2014 • analytical techniques • analytical thinkingart and design education • behavioural sciences • call to actioncomplex phenomenacraft and materialscraft skills • creative insight • creative leaders • deductive reasoning • design academics • design and visual culturedesign artefactsdesign craftdesign curriculadesign curriculumdesign educationdesign education must changedesign facultydesign methodsdesign pedagogydesign studio educationdesign theory • design theory and practice • design thinkingdisciplinary specialisationDonald Normanexperimental methodsexperimental type design • finding and solving problems • formal design methodsfundamental principlesinductive reasoningintegrative practicesinterdisciplinary knowledge • LinkedIn Influencers (series) • material practicesmateriality of artefacts • mechatronics • people and society • people and technology • practical theory • practice and theorypractitioner wisdomquestioning traditionsScott Klemmersynthetic thinkingsystematic approachsystems thinking • technology and people • technology designtheory and practicetheory of designthinking toolsuncertain future • well-crafted design

CONTRIBUTOR

Linda Carroli
04 OCTOBER 2013

Meredith Davis: A Call to Action for Design Educators

"I believe that design education, at the most fundamental level, views complexity as a problem to be overcome through reductivist artifacts, not as an inevitable and pervasive attribute of life in the post–industrial community. So if the future is about an ever–expanding web of connectedness, how are we preparing students for meaningful work in this complex world? I'd like to suggest that we're not. Despite the obvious emotional impact of Glaser's poster, he belongs to a generation in which the goal of design was to make things simple. Negroponte, on the other hand, is a technologist for whom the design goal is to render the complex manageable and to make complicated things meaningful.

Almost everything about today's graphic design education is matched to Glaser's worldview. We structure both curricula and projects in craft–based progressions from simple to complex, from the abstract to the contextualized. In typography classes, for example, we begin with the letter, and then advance to the word, sentence, paragraph, and page. Sequences of typography courses are built on this simple to complex progression, when opening InDesign demands that students address the formal and interpretive issues of publication design simultaneously; how do you defer a discussion of leading, of column width, of the modernist preconceptions of software, of language? The only option is default, and what kind of typographic lesson is that?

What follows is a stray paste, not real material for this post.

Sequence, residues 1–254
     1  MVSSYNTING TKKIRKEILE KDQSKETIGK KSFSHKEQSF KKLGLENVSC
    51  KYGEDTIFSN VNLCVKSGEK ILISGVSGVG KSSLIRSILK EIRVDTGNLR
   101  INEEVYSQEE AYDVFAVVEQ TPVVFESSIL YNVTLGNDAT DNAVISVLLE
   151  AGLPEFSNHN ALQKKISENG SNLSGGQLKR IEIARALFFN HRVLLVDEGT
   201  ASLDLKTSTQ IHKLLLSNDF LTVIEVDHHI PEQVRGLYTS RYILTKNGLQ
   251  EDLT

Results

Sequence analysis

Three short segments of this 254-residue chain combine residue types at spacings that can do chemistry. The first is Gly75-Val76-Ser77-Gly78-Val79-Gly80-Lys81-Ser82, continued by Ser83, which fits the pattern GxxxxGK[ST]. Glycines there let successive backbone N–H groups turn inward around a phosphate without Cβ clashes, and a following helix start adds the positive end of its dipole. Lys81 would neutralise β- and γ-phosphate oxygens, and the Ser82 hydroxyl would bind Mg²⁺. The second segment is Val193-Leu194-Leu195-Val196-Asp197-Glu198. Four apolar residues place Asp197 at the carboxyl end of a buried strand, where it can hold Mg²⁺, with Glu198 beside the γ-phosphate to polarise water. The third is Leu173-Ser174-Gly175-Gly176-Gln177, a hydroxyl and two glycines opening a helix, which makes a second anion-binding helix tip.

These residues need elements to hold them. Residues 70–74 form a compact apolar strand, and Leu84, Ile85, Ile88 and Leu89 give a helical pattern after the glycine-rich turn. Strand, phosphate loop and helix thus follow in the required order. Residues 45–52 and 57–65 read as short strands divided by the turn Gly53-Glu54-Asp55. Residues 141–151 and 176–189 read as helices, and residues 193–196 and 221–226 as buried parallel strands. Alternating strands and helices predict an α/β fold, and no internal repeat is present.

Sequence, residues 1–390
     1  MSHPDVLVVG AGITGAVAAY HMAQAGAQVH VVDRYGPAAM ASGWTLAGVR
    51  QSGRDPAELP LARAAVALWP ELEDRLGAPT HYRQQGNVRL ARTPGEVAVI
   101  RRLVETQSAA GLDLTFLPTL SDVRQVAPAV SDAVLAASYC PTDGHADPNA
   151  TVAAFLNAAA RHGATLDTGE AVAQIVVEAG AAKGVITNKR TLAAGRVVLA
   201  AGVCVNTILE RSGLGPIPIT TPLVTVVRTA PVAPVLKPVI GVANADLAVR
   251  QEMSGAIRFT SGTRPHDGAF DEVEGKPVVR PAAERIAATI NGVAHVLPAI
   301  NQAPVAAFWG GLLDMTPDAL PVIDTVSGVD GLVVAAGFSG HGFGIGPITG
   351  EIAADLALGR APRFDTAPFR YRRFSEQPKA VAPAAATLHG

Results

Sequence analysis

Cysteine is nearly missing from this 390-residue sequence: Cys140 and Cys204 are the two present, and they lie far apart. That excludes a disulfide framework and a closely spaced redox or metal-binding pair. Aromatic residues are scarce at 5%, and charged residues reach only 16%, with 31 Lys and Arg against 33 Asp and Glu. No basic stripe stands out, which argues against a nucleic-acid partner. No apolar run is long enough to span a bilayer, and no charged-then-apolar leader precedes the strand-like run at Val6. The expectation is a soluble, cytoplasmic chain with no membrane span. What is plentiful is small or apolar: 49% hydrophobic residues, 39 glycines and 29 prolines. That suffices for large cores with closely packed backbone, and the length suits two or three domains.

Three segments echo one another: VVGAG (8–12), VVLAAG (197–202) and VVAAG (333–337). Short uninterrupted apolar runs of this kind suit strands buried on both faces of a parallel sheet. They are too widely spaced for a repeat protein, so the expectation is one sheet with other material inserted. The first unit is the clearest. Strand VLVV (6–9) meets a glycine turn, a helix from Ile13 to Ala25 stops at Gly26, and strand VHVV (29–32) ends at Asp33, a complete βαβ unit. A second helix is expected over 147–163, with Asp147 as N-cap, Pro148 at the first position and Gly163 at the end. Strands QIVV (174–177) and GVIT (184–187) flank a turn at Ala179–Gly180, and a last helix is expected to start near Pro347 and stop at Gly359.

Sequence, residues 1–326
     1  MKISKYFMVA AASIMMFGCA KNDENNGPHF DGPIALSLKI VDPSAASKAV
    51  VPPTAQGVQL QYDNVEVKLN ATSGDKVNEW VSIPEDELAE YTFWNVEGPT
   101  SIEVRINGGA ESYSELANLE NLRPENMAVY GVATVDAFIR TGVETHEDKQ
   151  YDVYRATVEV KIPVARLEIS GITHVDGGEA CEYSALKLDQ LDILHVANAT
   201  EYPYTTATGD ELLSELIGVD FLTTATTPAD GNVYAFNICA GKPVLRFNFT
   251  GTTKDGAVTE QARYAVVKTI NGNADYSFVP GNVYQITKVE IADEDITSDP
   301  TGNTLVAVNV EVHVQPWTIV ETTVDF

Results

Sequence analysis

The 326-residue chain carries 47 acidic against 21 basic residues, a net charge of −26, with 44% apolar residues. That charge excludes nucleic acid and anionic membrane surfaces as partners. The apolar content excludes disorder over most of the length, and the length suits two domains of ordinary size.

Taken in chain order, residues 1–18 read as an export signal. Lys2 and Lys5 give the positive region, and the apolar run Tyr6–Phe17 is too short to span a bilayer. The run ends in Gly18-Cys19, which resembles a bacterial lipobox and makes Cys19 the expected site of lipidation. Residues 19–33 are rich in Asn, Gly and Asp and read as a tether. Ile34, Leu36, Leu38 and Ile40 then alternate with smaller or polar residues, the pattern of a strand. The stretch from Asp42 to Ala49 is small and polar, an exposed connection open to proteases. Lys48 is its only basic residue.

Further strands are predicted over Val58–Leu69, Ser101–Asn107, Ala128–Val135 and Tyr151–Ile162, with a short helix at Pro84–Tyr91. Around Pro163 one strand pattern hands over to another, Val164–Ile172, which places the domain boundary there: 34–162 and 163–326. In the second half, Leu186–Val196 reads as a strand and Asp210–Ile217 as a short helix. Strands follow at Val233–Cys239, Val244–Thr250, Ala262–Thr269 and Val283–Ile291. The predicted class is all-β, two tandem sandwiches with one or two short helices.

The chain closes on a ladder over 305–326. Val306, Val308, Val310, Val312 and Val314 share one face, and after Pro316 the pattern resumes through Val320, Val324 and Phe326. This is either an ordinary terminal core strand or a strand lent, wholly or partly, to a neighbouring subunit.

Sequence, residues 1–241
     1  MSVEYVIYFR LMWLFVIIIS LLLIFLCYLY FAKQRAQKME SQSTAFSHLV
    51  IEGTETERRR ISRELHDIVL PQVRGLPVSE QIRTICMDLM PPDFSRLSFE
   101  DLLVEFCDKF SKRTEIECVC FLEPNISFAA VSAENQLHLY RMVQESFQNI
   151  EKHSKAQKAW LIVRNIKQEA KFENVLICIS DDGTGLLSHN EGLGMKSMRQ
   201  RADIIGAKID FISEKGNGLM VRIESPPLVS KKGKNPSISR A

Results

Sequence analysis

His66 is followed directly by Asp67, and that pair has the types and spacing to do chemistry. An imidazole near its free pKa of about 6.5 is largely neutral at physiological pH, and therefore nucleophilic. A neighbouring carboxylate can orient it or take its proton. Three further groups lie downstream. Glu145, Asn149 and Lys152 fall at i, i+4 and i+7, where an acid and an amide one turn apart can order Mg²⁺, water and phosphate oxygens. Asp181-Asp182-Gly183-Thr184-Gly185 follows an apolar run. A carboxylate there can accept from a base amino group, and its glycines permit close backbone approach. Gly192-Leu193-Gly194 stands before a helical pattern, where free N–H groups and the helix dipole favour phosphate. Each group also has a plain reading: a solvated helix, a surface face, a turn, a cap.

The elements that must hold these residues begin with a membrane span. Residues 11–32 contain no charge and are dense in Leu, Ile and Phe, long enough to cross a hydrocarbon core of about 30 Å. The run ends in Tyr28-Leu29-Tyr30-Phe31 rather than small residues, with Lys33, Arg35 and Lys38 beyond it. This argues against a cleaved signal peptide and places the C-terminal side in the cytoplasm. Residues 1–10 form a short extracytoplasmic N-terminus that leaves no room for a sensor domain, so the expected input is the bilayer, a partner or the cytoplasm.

The reality is that our strategy for teaching typography is residue from how students could comp type in predigital times; by drawing. It is the organizational structure for every type book since James Craig's 1970 Designing with Type, but it holds less relevance for what students need to know about communication in a digital world. Typography today is a complex relational system that depends on the interplay of formal, technological, linguistic, and cultural variables. Yet we persist in teaching this progression of scale, isolating such variables within their own distinct conceptual frameworks and rules.

The same strategy exists for how students progress in other studies of form. Foundation lessons begin with abstraction: point, line, and plane; color wheels; and paper–folding exercises. We defer discussions of meaning and context until later levels of the curriculum and beginning students learn these abstraction principles only through patterns in what makes their teachers smile. Nothing about these studies resembles what students know about in the real world, and as a colleague recently suggested, what the clients of design see in our work. So what if we begin with the familiar and complex?"

(Meredith Davis, 4 April 2008, AIGA Boston Presentation)

Presentation made at W/Here: Contesting Knowledge in the 21st Century, Emily Carr University of Art+Design, Vancouver, Canada, 7–9 December 2011.

CONTRIBUTOR

Simon Perkins
04 AUGUST 2011

Density Design: a Politecnico di Milano research lab

"DensityDesign is a Research Lab in the design department (INDACO) of the Politecnico di Milano. It focuses on the visual representation of complex social, organizational and urban phenomena. Although producing, collecting, and sharing information has become much easier, robust methods and effective visual tools are still needed to observe and explore the nature of complex issues.

Our research aim is to exploit the potential of information visualization and information design and provide innovative and engaging visual artifacts to enable researchers and scholars to build solid arguments. By rearranging numeric data, reinterpreting qualitative information, locating information geographically, and building visual taxonomies, we can develop a diagrammatic visualization – a sort of graphic shortcut – to describe and unveil the hidden connections of complex systems. Our visualizations are open, inclusive, and preserve multiple interpretations of complex phenomena.

DensityDesign is committed to collaborating with other researchers and organizations devoted to academic independence and rigor, open enquiry, and risk taking to enhance our understanding of the world."

(DensityDesign, Design Research Lab)

Fig.1 "Cooperative Design Knowledge "

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CONTRIBUTOR

Simon Perkins